When signing up for my 2015 ACA (healthcare.gov) health plan back in December, I had decided to switch from Blue Cross/Blue Shield (my insurer for the past 15 years), to a new non-profit co-op, Land of Lincoln Health (LLH). Their premiums were $100 less per month, and the only caveat to using LLH would be if I chose an out-of-network provider. Out-of-Network charges would not be subject to any out-of-pocket maximum limits (so I could potentially pay unlimited amounts). But, after searching their PPO directory for various places around the country, their in-network providers seemed almost as extensive as Blue Cross, so I figured I’d always have plenty of in-network providers to choose from whereever I happened to be.
All started out fine in New Mexico last month— my provider and labs there were all in-network. When I chose who to see in Chicago, I also was pleased to see my provider and hospital of choice also in-network as well. So, I figured my call yesterday would be pretty routine and uneventful.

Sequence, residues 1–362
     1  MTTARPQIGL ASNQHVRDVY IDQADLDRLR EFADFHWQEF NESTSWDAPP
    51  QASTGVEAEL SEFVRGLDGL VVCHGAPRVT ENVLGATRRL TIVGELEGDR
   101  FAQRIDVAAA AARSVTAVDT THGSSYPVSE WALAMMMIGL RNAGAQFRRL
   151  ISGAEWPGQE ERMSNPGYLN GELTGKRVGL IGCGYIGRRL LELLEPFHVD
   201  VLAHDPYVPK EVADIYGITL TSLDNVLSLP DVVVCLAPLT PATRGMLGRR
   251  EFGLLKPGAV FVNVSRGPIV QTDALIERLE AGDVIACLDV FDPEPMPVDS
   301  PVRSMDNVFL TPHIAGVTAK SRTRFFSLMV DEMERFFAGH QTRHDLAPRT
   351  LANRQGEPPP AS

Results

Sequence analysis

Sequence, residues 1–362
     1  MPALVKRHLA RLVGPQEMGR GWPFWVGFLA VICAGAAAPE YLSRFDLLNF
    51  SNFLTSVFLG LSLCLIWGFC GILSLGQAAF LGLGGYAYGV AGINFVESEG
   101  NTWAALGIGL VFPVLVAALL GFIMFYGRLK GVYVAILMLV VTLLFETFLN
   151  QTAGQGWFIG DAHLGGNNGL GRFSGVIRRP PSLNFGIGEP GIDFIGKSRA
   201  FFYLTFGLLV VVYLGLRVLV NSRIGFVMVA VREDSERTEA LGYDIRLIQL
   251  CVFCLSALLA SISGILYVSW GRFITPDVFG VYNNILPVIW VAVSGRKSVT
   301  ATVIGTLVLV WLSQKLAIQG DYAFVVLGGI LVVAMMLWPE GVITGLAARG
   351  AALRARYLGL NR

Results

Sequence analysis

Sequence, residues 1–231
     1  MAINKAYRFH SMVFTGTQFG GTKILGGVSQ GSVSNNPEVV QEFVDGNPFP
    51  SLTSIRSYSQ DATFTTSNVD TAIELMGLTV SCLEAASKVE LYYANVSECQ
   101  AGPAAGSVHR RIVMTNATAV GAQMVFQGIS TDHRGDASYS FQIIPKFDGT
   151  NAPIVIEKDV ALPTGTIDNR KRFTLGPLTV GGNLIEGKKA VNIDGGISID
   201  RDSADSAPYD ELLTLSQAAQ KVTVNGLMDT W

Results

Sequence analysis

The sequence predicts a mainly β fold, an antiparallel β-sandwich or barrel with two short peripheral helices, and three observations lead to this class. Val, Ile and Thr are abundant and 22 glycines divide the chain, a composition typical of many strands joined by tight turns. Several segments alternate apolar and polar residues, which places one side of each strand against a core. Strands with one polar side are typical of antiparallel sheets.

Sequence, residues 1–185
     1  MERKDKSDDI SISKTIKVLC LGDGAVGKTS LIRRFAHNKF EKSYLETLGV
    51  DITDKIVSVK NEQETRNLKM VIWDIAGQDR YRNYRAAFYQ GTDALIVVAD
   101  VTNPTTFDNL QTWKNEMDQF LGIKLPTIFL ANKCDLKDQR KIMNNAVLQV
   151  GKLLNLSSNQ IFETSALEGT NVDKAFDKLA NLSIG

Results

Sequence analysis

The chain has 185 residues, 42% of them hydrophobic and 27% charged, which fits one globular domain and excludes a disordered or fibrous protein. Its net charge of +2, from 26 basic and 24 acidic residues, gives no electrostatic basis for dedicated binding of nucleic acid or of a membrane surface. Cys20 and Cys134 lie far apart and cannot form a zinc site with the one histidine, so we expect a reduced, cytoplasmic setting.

Over the next few hours, both I (and my Doctor’s nurse) were shocked to learn that not one of the 40+ anesthesiologists who practice at their hosptals are considered in-network by Land of Lincoln Health. Not one!
So, that raised up some red flags and I started searching for some recent user reviews of LLH. Back in December, there were hardly any (as they only had 4,000 members last year). But this year, since 50,000 of us had now decided to give LLH a try, there were many more reviews out there…and almost all of them horrendous!
I was beginning to feel like I suddenly had no insurance at all as I read further news reports of new ACA Co-ops (like Land of Lincoln) who were in potentially dire financially shape (the Iowa co-op recently closed up shop suddenly and sent its 100,000 members scurrying for alternate insurance).